Last week, the NFL unanimously passed a dramatic rule change, broadly banning the lowering of the helmet to initiate contact with an opponent. No one knows what this really means, and no one will know until the league office shares with owners more details about the new rule in the coming weeks and months.
As a result, everyone is currently in the dark — including the players who will be expected to comply with the new rule.
“I don’t know how it’s going to go down,” Dolphins guard Josh Sitton said in an appearance on SiriusXM NFL Radio. “It’s going to be one of those things, it’ll be a hot topic for a little while and then it’ll kind of die down after the preseason and the first few weeks. But, you know, it pretty much happens on every play so I don’t know how they’re going to really officiate it. I feel like people are going to be getting kicked out of the game left and right. I’ve been a guy that typically tries to lead with my head back and kind of come in with my chest and hands but, you know, it happens quite often. So it’ll be interesting. You know, I think the league has gotten to a place where it’s probably not going to be around in 20 years so, and this is kind of one of those rules that’s making it head that way.”
Sitton said a lot in that answer, much of which isn’t entirely consistent. It won’t be a big deal, it will be a big deal. It will die down, it won’t die down. It won’t dramatically change the game, it will dramatically change the game.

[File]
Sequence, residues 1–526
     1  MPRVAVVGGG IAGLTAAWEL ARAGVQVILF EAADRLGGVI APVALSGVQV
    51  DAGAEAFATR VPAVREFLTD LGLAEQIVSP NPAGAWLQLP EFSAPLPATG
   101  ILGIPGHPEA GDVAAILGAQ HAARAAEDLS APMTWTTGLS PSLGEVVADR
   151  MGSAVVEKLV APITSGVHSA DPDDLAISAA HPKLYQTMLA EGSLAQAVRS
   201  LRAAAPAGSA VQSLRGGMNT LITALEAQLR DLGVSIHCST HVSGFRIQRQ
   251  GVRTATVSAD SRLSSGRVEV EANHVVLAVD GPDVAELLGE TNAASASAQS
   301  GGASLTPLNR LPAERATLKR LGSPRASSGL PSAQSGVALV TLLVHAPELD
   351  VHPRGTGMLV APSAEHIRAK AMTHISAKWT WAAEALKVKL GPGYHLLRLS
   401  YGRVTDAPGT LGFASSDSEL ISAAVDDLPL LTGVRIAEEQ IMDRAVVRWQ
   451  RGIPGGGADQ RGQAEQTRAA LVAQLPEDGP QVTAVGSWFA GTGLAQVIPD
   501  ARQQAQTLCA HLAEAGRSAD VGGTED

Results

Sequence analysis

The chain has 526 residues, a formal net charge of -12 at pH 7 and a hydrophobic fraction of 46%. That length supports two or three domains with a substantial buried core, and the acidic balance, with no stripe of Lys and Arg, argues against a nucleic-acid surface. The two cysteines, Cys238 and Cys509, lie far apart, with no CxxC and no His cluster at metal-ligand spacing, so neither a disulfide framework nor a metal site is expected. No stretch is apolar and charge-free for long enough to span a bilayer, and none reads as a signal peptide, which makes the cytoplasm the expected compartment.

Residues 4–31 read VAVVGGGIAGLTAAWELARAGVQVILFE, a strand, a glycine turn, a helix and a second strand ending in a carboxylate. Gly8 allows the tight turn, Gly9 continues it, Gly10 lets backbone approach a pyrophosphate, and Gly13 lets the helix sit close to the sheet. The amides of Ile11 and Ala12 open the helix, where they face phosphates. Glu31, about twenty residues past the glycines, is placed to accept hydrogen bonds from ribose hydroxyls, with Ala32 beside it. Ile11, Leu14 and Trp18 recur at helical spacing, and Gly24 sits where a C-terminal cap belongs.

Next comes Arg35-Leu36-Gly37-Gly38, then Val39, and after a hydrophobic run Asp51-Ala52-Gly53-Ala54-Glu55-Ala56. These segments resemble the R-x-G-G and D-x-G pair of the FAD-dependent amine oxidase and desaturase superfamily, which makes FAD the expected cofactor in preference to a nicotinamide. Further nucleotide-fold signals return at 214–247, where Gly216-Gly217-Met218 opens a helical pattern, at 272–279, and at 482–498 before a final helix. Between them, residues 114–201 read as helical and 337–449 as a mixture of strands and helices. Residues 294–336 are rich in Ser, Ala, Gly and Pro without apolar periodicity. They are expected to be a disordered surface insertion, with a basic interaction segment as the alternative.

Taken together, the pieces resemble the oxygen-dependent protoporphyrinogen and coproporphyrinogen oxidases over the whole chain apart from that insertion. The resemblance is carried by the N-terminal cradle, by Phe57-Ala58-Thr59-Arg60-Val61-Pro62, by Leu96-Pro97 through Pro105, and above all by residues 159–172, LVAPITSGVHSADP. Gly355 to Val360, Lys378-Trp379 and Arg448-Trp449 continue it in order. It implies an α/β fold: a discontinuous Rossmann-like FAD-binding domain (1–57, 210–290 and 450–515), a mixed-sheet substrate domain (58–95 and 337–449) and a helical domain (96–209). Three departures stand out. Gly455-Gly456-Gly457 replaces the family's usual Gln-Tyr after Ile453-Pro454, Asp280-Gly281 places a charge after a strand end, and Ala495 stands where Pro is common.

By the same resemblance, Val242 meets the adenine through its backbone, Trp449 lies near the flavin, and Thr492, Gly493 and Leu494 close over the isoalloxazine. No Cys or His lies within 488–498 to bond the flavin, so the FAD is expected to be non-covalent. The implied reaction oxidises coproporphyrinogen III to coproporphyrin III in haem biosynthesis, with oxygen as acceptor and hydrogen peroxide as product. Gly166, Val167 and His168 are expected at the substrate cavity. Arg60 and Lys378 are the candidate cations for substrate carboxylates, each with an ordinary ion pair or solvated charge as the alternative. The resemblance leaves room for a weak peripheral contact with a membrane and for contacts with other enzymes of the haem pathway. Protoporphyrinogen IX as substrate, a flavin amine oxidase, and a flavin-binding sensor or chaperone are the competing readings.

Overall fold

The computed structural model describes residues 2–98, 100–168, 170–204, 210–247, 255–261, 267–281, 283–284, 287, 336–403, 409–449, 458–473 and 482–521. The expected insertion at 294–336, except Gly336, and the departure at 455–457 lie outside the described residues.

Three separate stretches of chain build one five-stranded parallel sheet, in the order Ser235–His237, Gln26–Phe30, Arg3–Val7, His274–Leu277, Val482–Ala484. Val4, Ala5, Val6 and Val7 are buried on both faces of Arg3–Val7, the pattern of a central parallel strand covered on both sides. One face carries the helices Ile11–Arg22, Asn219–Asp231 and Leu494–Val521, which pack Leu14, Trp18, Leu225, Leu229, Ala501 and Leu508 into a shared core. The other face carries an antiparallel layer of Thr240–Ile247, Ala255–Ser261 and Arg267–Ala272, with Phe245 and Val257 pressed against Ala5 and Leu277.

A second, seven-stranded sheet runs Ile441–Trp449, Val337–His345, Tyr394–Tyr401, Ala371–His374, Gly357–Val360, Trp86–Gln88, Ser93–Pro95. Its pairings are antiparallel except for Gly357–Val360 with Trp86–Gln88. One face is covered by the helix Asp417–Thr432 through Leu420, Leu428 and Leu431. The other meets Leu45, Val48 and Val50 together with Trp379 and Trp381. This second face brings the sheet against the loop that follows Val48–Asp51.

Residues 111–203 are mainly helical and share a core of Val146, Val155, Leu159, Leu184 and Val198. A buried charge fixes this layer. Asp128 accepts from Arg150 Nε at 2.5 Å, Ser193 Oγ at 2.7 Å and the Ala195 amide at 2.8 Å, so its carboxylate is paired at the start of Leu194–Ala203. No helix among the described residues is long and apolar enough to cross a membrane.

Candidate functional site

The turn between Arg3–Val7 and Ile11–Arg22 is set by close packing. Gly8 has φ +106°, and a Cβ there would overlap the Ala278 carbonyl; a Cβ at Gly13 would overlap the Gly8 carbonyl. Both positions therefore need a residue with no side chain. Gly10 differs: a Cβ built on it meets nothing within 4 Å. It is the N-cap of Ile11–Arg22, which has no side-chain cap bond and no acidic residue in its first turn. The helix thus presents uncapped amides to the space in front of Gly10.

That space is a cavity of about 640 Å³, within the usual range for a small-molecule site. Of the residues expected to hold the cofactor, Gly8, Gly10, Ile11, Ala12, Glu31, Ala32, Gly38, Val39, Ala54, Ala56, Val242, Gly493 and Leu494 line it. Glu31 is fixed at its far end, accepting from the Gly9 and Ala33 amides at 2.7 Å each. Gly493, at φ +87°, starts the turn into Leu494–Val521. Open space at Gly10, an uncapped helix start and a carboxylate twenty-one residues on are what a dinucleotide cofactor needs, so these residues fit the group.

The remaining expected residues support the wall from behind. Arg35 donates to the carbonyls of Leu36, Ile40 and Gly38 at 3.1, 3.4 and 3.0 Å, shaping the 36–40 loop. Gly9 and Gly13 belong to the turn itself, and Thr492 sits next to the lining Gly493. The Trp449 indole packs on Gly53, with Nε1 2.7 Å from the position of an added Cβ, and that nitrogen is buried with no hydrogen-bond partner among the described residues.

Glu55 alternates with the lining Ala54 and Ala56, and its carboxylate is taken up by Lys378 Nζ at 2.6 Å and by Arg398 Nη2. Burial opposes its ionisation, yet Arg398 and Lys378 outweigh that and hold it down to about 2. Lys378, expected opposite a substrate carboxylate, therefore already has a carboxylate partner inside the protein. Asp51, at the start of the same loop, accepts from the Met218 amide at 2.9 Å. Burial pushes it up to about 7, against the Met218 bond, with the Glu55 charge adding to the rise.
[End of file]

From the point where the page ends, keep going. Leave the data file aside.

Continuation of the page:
For now, Sitton and the rest of us just don’t know what will happen. But what we do know is that the NFL’s owners heard something last week that sufficiently motivated them to give the league office one of the biggest blank checks the league office ever has had — the ability to craft a rule that could end up being a hiccup or a revolutionary change in how the game is played or anything in between.
However it plays out, bet the over. The league wouldn’t have secretly crafted a broad rule and pushed it quickly through the process without any meaningful external analysis or scrutiny if the league didn’t plan to make this a major change to the game. And it could dramatically change the run game as we know it, since plenty of players in the tackle box lower their helmets to initiate contact.
Think of how different the game will be if the running back can’t dip his helmet to blast through the first or second level. Think of how different it will be if linebackers and defensive backs can’t meet the running back in the hole with their helmets dipped. Indeed, the 2013 rule that prohibited dropping the helmet and ramming the top of it into an opponent specifically didn’t apply in the tackle box, because that’s the kind of stuff that happens all the time in the tackle box.
It happens especially between linemen. Maybe they’ll be exempt from the new rule because their helmets are pre-dipped at the snap. Or maybe the effort to sort out how the new helmet rule applies will result in the NFL secretly presenting to owners in May the seemingly (after last week) inevitable abolition of the three-point stance.
Yes, football is in the process of changing in a very major way. We just don’t know the specifics yet, but we know enough to have a strong sense that they will be significant.